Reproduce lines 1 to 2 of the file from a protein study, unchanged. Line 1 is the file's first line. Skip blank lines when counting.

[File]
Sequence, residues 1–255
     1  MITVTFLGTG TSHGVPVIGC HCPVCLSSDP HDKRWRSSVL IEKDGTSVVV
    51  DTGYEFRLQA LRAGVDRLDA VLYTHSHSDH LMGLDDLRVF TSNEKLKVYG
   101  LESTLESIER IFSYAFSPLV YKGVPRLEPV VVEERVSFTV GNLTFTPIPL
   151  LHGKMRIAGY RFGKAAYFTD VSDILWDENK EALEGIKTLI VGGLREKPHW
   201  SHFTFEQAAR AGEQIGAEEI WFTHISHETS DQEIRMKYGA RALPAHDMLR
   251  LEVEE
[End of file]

Sequence, residues 1–255
     1  MITVTFLGTG TSHGVPVIGC HCPVCLSSDP HDKRWRSSVL IEKDGTSVVV